YouTube enjoys one billion unique visitors every month and more 18- to 34-year-olds watch YouTube than any cable network. At a recent brand event, execs noted that emerging markets and niche interests could push that number to six or seven billion.
Accordingly, content creators are a wide-ranging bunch. For instance, Entertainment Studios, an independent producer and distributor of first-run syndicated television programming for broadcast television stations and owner of eight 24-hour HD cable television networks, launched eight new paid channels on YouTube with themes like pets, travel, recipes and cars. The channels will be available to consumers in 10 countries, including the United States.
The eight channels are available on YouTube for a subscription fee of $1.99 per month per channel. Viewers will also have the option of subscribing to the portfolio of Entertainment Studios channels via SmartTV.com for a fee of $9.99 per month.
DHX has launched three dedicated paid YouTube family entertainment channels: DHX Kids, DHX Junior and DHX Retro. DHX Kids channel will feature live action and animated series such as Horseland; Mudpit, which will be first run in the US; Sabrina, the animated series; and Sherlock Holmes. The DHX Junior channel will offer content from The Busy World of Richard Scarry; The Doodlebops and Madeline. And the DHX Retro channel is a platform for nostalgic childhood favorites including Heathcliff; Inspector Gadget; Sonic Underground (Sonic the Hedgehog); and Super Mario.
The channels will also be offered in multiple countries, including Australia, Brazil, Canada, France, Japan, Korea, Spain, Russia, the U.K. and the U.S. The content is available for two week free trials, with a subscription price of $2.99 per month each. Discounted yearly subscriptions are also available.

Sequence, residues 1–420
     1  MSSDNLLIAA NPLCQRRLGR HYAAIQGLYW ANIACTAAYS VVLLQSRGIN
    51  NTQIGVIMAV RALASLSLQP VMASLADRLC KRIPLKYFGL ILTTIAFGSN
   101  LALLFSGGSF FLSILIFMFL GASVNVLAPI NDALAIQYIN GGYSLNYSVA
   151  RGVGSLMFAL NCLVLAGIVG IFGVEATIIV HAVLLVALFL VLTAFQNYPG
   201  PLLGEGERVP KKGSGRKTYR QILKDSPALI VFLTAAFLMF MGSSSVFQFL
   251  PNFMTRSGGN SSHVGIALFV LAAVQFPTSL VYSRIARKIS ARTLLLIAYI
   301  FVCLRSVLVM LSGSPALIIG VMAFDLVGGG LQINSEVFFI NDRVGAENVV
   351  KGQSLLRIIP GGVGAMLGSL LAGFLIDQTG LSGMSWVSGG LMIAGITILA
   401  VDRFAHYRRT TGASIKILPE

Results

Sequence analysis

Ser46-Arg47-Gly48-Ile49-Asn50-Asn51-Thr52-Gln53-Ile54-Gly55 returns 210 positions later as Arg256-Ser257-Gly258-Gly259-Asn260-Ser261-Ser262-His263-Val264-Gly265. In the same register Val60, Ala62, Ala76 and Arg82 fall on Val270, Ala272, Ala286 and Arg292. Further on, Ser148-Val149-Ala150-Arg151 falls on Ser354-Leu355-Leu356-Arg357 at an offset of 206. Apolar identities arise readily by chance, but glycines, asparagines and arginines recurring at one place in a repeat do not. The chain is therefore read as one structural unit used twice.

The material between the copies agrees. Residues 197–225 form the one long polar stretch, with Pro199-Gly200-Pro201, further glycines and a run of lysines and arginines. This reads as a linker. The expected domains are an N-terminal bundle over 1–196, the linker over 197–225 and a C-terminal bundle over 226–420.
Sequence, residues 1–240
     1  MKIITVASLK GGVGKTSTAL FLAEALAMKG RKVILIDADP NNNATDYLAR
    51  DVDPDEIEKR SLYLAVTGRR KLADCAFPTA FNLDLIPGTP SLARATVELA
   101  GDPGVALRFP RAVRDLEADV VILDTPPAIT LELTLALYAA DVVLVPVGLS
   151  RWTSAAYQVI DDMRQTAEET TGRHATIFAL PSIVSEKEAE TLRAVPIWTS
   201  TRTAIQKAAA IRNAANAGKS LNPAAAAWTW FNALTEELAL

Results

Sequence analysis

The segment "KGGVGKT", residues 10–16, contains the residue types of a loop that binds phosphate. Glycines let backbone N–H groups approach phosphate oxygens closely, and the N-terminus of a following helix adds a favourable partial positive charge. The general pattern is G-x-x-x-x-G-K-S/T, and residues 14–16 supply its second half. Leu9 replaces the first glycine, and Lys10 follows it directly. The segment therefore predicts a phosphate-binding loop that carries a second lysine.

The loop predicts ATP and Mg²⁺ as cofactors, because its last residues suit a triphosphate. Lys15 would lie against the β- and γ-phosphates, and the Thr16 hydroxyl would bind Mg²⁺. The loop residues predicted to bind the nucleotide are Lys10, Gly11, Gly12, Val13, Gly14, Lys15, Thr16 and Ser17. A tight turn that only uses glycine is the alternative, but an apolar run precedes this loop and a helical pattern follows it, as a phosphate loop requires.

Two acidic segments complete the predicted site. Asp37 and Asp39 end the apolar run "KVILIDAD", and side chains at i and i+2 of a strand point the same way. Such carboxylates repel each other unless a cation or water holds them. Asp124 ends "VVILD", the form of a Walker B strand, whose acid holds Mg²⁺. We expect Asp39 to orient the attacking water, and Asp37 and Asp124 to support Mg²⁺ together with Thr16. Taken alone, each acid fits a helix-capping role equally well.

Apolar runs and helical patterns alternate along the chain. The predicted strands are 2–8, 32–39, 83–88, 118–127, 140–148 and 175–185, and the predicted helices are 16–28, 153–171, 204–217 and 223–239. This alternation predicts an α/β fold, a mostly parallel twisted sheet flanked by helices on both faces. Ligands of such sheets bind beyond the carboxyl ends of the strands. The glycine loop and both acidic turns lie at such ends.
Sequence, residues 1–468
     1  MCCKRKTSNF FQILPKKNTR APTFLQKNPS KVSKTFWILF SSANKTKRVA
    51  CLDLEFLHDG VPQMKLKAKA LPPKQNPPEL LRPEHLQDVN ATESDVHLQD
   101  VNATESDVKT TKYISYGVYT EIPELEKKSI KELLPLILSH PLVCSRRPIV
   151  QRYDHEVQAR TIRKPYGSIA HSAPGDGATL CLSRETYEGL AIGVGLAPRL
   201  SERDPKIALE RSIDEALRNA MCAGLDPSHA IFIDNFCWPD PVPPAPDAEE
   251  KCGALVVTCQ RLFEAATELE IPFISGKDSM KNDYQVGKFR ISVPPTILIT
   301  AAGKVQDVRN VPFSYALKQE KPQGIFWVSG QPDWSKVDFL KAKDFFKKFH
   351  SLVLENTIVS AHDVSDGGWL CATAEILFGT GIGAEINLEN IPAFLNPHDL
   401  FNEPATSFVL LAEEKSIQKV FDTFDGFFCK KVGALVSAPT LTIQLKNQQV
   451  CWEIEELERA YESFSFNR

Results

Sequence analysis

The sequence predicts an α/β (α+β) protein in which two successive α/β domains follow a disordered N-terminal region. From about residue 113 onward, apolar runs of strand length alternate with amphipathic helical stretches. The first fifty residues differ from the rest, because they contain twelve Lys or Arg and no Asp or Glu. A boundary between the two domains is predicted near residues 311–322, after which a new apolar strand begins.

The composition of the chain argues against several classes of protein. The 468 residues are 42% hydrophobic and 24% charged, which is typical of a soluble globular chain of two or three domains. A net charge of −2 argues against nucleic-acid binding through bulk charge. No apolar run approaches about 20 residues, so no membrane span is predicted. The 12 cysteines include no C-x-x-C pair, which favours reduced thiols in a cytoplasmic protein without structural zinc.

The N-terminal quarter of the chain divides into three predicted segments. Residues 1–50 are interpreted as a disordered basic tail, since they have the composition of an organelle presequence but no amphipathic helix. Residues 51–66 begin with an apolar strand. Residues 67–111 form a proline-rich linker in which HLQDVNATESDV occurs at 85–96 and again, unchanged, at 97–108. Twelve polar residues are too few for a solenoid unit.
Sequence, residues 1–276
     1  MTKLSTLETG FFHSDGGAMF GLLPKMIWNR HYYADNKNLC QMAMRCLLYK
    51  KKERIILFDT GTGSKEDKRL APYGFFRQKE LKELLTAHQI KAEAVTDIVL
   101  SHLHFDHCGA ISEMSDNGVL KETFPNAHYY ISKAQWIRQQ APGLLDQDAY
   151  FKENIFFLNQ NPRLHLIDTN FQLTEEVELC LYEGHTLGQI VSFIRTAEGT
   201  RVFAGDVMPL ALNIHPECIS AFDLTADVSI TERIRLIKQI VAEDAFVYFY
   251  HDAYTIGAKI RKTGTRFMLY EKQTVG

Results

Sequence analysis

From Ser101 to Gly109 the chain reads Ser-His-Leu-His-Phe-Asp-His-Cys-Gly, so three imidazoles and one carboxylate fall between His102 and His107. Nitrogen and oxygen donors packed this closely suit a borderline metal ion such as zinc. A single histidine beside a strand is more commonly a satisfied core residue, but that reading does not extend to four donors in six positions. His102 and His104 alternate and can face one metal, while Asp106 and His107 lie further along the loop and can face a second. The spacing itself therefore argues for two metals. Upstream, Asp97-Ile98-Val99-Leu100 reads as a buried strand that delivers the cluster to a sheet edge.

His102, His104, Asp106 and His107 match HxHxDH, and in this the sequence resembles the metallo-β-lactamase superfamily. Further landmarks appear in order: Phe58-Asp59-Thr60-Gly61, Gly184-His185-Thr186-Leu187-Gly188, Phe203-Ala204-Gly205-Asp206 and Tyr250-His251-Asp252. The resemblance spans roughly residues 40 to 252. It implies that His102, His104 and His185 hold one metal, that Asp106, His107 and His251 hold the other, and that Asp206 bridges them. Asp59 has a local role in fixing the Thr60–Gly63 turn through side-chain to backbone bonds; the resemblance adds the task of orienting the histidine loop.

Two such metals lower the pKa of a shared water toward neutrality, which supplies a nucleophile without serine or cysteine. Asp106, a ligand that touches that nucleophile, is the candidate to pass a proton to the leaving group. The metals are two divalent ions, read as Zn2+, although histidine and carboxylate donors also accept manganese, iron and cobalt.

Jim Henson Family TV is launching in English and Spanish on YouTube, with ad-free full episodes of hit shows like Sid the Science Kid and Fraggle Rock, available across Web, mobile and connected TV platforms.
The channel will be available for an introductory price of $2.99 per month or $24.99 per year; the Spanish service has less content and will go for $1.99 per month or $17.99 per year. Subscribers to the English channel will soon be able to upgrade to include the Spanish channel for an additional 99 cents per month or viewers can subscribe to both English and Spanish channels for $34.99 per year.
And there are others: Sesame Street will offer full episodes on its paid channel when it launches, UFC fans can see classic fights, like a full version of their first event from UFC’s new channel and National Geographic Kids, Treehouse Direct and the news show Young Turks are also in the fold.
“This is just the beginning. We’ll be rolling paid channels out more broadly in the coming weeks as a self-service feature for qualifying partners,” the company said. “And as new channels appear, we'll be making sure you can discover them, just as we've been helping you find and subscribe to all the channels you love across YouTube.”
Edited by Rachel Ramsey